EDINBURGH DURING THE GENERAL ASSEMBLY.

THE Modern Athens must have been | And while in the streets of most large looking its very worst during Mr. Ten- towns there is no horizon save the closenyson's last visit, if we may judge from hemming one of darkened walls and some lines in a charming little poem-one chimney-tops, and one's only glimpse of of those appended to Maudwhich con- nature must be had by looking right up vey a decidedly gloomy and unfavorable at the firmament overhead; in Edinburgh impression of that city during the plea- through every opening we can see that santest months of the year. Mr. Tenny- the works of man are sentinelled and son tells us that one solitary evening he overshadowed by those of nature; we found between the leaves of a book he have glimpses of bright blue sea surwas turning over, a flower which he had rounding the city on two sides, at the plucked in Italy; and the sight of it distance of only a mile or two; of the carried him away to the genial clime slopes of the Calton Hill and the Castle where it grew:

Rock, so intensely green; of the misty

hills of Fife and East Lothian away over And I forgot the clouded Forth,

the waters; and of the grim hill that The gloom that saddens heaven and earth : The bitter east, the misty summer,

watched Holyrood when its galleries were And gray metropolis of the North. gay with royalty and beauty, and has

witnessed its desertion and delay. No doubt there are summer days when As the days lengthen towards the close this description is as true as it is suggest-of May, and the foliage grows thicker in ive; but, on the whole, Edinburgh has the Princes street and Queen street garalways appeared to us as being in early dens, an unusual influx of black coats and summer one of the most cheerful-looking white neckcloths announces the season of British cities. Never was there a of the annual meeting of the Scottish great city where the country is so inter. Convocation, the supreme legislative and mingled with the town. Fresh green judicial court of the Kirk, the General gardens, of no stinted expanse or niggard Assembly of the Church of Scotland. growth, meet one everywhere, the bright The ecclesiastics of Scotland have chosen verdure of the young leaves looking the for their meeting literally the “season brighter for the contrast with the smoke- atween June and May,” twelve days diblackened branches they spring from. vided between the latest of May and the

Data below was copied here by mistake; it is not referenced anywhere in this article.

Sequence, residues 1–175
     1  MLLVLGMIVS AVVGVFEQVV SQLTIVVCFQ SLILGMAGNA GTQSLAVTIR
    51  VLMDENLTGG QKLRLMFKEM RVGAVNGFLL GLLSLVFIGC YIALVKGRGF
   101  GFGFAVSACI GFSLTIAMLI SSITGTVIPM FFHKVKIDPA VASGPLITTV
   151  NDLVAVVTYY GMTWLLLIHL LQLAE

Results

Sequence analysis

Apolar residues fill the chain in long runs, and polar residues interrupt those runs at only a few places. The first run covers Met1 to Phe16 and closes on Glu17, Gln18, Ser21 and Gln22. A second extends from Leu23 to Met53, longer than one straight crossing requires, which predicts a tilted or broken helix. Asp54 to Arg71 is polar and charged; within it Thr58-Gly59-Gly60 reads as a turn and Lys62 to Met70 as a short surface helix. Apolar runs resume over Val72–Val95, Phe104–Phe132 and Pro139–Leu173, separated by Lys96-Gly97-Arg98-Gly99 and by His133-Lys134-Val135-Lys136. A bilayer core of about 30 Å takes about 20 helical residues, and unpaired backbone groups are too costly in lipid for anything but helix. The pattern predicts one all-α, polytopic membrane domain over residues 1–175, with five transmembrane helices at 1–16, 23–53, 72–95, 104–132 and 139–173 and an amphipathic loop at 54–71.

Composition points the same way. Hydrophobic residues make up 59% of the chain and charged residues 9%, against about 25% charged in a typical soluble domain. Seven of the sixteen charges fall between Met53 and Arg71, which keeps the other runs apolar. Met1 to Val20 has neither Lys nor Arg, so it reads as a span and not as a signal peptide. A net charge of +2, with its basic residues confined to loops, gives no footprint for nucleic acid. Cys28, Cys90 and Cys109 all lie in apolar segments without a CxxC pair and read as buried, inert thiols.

MA

earliest of June. It is a time of those tical matters; and as a court of justice, delightful long twilights which Scotland it has the power to inflict every degree of gains over the southern counties of Eng- punishment upon clergymen, from censure land, by some six or seven degrees of or temporary suspension from duty, up latitude farther towards the north. By to deposition from the office of the holy the twenty-fifth or twenty-sixth of May ministry, and deprivation of their benethe streets swarm with clergymen of every fices. Also in any case where the people possible diversity of appearance, and from of a parish bring forward objections to every corner of Scotland: old college the minister presented by the patron, friends, who had parted as striplings, meet the General Assembly decides in the last again as responsible fathers of families ; instance whether these objections have at the railway stations we are constantly been supported by sufficient evidence, being run against by men with white and whether they are such as ought to stocks and large portmanteaus; the lodg- prevent the induction of the presentee” ing-houses are crammed with them; not to the living. only does the General Assembly of the The General Assembly consists of Kirk meet at this time, but also that of about three hundred and sixty members, of the “Free Church,” which has closely whom rather more than two hundred are copied the organization of the national clergyman. It is a representative body, establishment: there are more clergymen, made up of lay and clerical delegates for the time, in Edinburgh than there are from each presbytery, and of delegates priests in Rome.